Govt bungled, slept on duty: Kasukuwere

Govt bungled, slept on duty: Kasukuwere

LOCAL Government minister Saviour Kasukuwere has admitted government ignored warnings by the World Bank as far back as 2012 on the state of bridges and dams across the country, most of which have now been washed away by this year’s Cyclone Dineo-induced rains.

Source: Govt bungled, slept on duty: Kasukuwere – NewsDay Zimbabwe March 7, 2017


The minister made the admission in Parliament last Thursday when he was asked by Binga South MP Joel Gabbuza (MDC-T) to explain if the bridges that have been washed away were ever inspected before the rains hit them.

“When the Meteorological Department announced that this year there was going to be normal to above normal rain, it simply meant that we should have prepared.

“Were these bridges inspected because even up to now we are likely to have more bridges collapsing?” Gabbuza queried.

“I have been to Gwayi River Bridge, one of the longest and biggest bridges. Its two pillars cracked three years back and as you drive over it now, it has already sagged, and it is the same with Mlibizi River Bridge, one of our biggest bridges.”

Kasukuwere conceded that some of the bridges that had become dilapidated due to the rains had actually been condemned in a World Bank report as far back as 2012.

“With regard to dams which have given in or given way — yes, if my memory serves me well, from a World Bank report of 2012 which spoke about dam safety conditions in the country — indeed, quite a number of our dams that have actually collapsed in the past two days were noted and mentioned.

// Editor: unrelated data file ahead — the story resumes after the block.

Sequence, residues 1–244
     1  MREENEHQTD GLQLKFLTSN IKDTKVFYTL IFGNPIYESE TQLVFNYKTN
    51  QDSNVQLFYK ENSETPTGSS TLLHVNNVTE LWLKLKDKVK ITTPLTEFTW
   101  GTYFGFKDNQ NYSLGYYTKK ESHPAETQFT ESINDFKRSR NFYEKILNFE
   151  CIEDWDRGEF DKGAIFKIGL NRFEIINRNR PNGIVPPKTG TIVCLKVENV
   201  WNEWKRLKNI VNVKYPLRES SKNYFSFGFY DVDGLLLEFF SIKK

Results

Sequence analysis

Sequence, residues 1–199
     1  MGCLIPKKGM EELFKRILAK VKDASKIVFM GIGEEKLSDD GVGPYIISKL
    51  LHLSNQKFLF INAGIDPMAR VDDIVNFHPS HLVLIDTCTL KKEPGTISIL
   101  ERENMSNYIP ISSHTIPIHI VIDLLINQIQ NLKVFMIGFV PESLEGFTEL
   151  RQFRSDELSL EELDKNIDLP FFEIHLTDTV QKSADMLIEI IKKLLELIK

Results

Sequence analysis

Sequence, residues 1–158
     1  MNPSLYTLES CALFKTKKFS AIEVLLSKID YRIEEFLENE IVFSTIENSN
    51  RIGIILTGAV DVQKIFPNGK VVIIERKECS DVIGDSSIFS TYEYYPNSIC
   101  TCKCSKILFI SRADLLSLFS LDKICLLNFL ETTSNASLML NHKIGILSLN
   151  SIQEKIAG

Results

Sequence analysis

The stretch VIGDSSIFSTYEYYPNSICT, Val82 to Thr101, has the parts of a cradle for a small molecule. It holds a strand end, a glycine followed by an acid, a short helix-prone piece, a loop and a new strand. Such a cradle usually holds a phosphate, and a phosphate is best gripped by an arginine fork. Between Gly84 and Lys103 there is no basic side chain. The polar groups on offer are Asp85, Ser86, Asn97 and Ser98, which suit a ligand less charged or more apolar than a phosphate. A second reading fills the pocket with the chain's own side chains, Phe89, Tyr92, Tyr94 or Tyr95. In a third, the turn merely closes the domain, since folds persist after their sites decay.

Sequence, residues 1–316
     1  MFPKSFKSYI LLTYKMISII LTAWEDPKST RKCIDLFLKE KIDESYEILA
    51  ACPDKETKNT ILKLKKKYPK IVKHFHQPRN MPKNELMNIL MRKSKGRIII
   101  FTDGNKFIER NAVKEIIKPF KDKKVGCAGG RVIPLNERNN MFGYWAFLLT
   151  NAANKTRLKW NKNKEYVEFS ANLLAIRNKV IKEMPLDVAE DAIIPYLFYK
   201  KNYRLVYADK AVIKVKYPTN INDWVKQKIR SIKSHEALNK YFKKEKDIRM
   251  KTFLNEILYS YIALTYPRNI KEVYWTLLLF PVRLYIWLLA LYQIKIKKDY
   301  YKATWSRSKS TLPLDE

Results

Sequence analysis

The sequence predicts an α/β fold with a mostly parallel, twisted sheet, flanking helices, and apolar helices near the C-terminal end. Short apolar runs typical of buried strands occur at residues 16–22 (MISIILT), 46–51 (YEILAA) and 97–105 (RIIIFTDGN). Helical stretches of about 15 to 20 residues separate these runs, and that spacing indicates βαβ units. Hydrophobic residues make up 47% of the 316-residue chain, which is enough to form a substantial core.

“I am happy to say that even with that challenge or tragedy happening, the Civil Protection Unit (CPU) and various authorities are on top of the situation,” Kasukuwere said.

In his ministerial statement, Kasukuwere told the House that the worst-affected district was Tsholotsho where a total of 859 people were left homeless and are currently in a transit camp while an additional 100 households were at risk. More than 1 985 people countrywide were left homeless.

“About 246 human lives were lost due to drowning and lightning strikes, and 128 people were injured and approximately 2 579 homesteads were damaged.

“There was extensive damage to about 74 schools, five health institutions, about 70 small and medium dams have breached and extensive damage to road infrastructure,” said Kasukuwere.

He said in St Mary’s, Chitungwiza, more than2 500 houses were at risk of collapsing, and more than 500 old houses were facing the same fate in Mabvuku.

Lupane West MP Martin Khumalo (Zanu PF) said government had not taken action to avert the disaster early since 2009 in Tsholotsho and Sipepa area, as the floods were a recurrent feature, adding ministers could have also visited Tsholotsho as they did with other affected areas.